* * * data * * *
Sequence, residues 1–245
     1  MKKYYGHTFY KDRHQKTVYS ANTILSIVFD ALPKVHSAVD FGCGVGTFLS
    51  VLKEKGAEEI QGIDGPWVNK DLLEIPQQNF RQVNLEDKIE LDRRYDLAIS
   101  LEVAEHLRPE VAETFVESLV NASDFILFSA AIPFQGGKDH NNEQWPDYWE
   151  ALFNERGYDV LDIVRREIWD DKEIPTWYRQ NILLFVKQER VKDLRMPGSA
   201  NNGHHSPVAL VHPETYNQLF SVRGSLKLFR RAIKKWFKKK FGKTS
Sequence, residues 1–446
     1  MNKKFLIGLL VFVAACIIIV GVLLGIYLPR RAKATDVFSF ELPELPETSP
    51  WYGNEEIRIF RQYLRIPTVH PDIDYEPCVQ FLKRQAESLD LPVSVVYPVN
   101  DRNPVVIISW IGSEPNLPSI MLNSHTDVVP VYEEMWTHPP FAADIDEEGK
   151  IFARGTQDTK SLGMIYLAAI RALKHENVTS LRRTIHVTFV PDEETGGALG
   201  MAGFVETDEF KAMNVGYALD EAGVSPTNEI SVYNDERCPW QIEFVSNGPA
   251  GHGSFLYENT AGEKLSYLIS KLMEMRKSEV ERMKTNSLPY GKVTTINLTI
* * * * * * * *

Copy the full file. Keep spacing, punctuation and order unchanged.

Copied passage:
Sequence, residues 1–245
     1  MKKYYGHTFY KDRHQKTVYS ANTILSIVFD ALPKVHSAVD FGCGVGTFLS
    51  VLKEKGAEEI QGIDGPWVNK DLLEIPQQNF RQVNLEDKIE LDRRYDLAIS
   101  LEVAEHLRPE VAETFVESLV NASDFILFSA AIPFQGGKDH NNEQWPDYWE
   151  ALFNERGYDV LDIVRREIWD DKEIPTWYRQ NILLFVKQER VKDLRMPGSA
   201  NNGHHSPVAL VHPETYNQLF SVRGSLKLFR RAIKKWFKKK FGKTS
Sequence, residues 1–446
     1  MNKKFLIGLL VFVAACIIIV GVLLGIYLPR RAKATDVFSF ELPELPETSP
    51  WYGNEEIRIF RQYLRIPTVH PDIDYEPCVQ FLKRQAESLD LPVSVVYPVN
   101  DRNPVVIISW IGSEPNLPSI MLNSHTDVVP VYEEMWTHPP FAADIDEEGK
   151  IFARGTQDTK SLGMIYLAAI RALKHENVTS LRRTIHVTFV PDEETGGALG
   201  MAGFVETDEF KAMNVGYALD EAGVSPTNEI SVYNDERCPW QIEFVSNGPA
   251  GHGSFLYENT AGEKLSYLIS KLMEMRKSEV ERMKTNSLPY GKVTTINLTI